Senate Bill 29 has passed the Senate, taking the process server log book rules one step closer to no longer requiring both a digital and handwritten copy.
The bill was introduced after process servers began to strongly feel the burden of maintaining two types of log books in addition to their regular daily duties. The bill would remove the requirement to keep a handwritten log book and would instead require process servers to submit entries to a third party within three days of service or attempted service.
This option also requires process servers to not have the ability to edit these records in any way. If there is a type or error, the third party would be able to edit the credits but only through the addition of italicized text and may not make any deletions.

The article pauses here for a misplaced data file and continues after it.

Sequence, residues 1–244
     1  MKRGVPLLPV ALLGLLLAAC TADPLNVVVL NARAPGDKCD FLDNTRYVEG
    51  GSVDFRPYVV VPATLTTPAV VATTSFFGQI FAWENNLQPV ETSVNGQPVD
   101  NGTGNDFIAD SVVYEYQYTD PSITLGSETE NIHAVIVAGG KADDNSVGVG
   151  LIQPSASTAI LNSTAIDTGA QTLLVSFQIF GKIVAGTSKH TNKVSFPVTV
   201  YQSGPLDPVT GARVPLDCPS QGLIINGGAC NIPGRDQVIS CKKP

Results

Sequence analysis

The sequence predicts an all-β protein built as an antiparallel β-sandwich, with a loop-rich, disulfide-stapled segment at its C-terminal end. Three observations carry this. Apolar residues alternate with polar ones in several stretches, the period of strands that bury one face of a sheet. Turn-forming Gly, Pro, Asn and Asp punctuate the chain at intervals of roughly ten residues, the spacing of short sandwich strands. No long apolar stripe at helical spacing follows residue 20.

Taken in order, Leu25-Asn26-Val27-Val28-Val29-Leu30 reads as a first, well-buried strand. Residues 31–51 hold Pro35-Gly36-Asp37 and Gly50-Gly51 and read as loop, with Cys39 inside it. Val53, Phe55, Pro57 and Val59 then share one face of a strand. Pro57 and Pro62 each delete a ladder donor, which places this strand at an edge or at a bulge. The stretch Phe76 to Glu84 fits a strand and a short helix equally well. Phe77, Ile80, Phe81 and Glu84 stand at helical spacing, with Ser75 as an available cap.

The bill is currently waiting to be passed in the Assembly (A3939).
Here is the complete justification from the court documents as to the proposed change:
In order to create a more efficient way for the regulators to review the records of process servers, municipalities that have one million or more people (NYC) have implemented a mandatory digital record requirement that mirrors the State requirement of General business law Sec. 89-cc. Requiring the process server to record the same information twice, a handwritten format and a digital format. The result of that law has created an undue burden for the process server. This burden does not provide any benefit to the citizens of New York nor any regulatory authority. This law will allow the process server an option to meet the requirement of sec. 89-cc that mirrors the requirement of the local Municipality. The process server will be able to streamline their data recording in a tamper proof environment that will create more transparency and reduce the risk of fraud.
The New York State Professional Process Servers Association is requesting process servers reach out to their Assemblyperson in support of the passage of the bill.
To read the complete bills: